Humboldt holds 'Day of Solidarity' to 'heal' from Inauguration

Ian Edwards
Washington Campus Correspondent

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  • Humboldt State University is holding a “Day of Solidarity” to help students “heal” from Donald Trump’s inauguration with free massages, food, meditation, and yoga.
  • The student newspaper, which is co-sponsoring the event, explains that “many HSU students may feel some sort of a bowling ball-like mass in the top of their chest and then squint blurry-eyed as it drops all the way down during Trumps procession."
  • Humboldt State University is holding a “Day of Solidarity” to help students “heal” from Donald Trump’s inauguration with free massages, food, meditation, and yoga.

    With the inaugural proceedings in mind, Humboldt encourages students to “learn about self care strategies” at the half-day event, calling it an opportunity for them to express their “hopes, fears, and solidarity” as well.

    “Many HSU students may feel...a bowling ball-like mass in the top of their chest...during Trump's procession.”   

    A flyer for the event looks to draw attendees by offering students an opportunity to “make a tangible pledge to communities at risk,” and to practice what it calls “tangible tools for systematic change” with discussions on “How to Be an Effective Ally,” “Bystander Intervention,” and “Intentional Activism.”

    The flyer also details other “self care strategies” being offered to students who are struggling to come to terms with the new president, including “yoga” and “stretching.”

    [RELATED: Yoga is ‘cultural appropriation,’ Barnard event claims]

    Although the flyer does not explicitly name Trump’s inauguration as the inspiration for the events, The Lumberjack, Humboldt’s student newspaper and a co-sponsor of the event, reports that the event is “geared toward ensuring students continue to feel safe and respected throughout the inaugural process,” while advertisements for the event feature numerous references to the event’s potential to act as “a day to join together as a community, heal, express, and plan for the future.”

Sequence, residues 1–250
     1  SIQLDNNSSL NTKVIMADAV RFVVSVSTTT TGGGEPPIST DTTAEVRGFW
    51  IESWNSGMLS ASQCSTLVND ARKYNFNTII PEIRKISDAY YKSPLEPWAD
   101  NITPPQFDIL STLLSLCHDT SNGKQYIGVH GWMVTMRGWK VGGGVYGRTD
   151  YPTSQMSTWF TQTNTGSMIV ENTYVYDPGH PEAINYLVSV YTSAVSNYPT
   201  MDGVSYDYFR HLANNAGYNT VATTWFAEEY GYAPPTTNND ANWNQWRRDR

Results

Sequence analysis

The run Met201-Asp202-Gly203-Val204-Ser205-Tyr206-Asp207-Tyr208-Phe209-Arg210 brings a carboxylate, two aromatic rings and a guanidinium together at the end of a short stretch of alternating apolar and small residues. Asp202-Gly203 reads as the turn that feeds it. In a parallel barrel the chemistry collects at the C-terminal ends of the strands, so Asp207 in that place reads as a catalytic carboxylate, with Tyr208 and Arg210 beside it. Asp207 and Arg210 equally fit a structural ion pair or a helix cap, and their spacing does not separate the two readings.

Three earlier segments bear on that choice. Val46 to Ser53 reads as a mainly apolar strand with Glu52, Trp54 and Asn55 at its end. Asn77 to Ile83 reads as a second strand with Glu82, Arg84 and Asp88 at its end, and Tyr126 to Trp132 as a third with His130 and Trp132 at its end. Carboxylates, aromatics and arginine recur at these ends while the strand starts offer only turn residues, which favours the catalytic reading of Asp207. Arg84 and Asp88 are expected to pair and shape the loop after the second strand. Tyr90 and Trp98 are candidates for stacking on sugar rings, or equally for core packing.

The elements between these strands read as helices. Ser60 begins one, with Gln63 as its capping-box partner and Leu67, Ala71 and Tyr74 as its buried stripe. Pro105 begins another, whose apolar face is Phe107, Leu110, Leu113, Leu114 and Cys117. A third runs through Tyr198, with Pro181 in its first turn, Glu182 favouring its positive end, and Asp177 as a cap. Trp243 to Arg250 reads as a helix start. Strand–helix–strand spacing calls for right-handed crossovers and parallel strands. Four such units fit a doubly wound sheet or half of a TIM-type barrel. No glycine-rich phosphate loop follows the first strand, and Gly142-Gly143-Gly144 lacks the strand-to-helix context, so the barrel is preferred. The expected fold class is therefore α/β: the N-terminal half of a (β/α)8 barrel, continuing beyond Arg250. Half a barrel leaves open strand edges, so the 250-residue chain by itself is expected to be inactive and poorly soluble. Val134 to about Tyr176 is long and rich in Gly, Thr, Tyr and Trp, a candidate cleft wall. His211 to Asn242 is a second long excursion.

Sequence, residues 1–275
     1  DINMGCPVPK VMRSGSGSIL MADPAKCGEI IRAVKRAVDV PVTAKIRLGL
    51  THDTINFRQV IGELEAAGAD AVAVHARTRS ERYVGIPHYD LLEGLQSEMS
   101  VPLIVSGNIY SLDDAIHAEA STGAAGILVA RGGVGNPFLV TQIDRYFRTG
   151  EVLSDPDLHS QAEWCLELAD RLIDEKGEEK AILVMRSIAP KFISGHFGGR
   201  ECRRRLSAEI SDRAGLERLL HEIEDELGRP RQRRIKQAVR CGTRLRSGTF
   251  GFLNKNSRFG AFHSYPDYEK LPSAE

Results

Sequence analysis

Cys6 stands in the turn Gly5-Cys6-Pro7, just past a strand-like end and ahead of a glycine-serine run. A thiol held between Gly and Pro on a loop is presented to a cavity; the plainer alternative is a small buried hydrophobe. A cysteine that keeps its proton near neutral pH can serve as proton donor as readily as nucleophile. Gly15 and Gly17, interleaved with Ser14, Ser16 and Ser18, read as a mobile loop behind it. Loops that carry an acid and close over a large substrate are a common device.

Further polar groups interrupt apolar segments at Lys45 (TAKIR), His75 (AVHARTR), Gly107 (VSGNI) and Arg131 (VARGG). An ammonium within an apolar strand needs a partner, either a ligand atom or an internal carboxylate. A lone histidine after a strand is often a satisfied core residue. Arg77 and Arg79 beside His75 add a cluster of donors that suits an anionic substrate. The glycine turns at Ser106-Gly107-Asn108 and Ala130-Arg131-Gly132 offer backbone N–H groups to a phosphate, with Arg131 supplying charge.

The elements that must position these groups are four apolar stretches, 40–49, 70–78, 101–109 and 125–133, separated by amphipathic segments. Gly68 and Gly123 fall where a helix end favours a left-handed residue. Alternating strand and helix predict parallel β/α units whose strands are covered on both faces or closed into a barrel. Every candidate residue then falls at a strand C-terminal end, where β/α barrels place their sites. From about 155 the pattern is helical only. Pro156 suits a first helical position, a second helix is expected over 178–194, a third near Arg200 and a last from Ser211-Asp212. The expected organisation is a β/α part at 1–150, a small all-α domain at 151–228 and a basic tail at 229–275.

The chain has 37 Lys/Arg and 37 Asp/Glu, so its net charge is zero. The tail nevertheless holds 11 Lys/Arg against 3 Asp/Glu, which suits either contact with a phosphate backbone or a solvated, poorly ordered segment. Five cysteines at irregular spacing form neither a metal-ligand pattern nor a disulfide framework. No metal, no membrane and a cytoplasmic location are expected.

Elaborating on the perceived necessity of the “Day of Solidarity,” The Lumberjack explains that following the transition of power, “many HSU students may feel some sort of a bowling ball-like mass in the top of their chest and then squint blurry-eyed as it drops all the way down during Trumps procession through the D.C. streets.”

    [RELATED: MAP: Inauguration protests sweep through campuses]

    The paper does, however, clarify that the event is not intended exclusively for those experiencing chest pains over Obama’s departure, extending an open invitation to any students who “feel misunderstood as a Trump supporter.”

    Campus Reform reached out to the organizers of Humboldt’s Day of Solidarity, but did not receive a response in time for publication.

    Follow the author of this article on Twitter: @edwardsaian



    Ian Edwards

    Ian Edwards

    Washington Campus Correspondent

    Ian Edwards is a Washington Campus Correspondent, and reports libera bias and abuse on campus for Campus Reform. He is a junior at Gonzaga University, where he studies international relations and economics.

     
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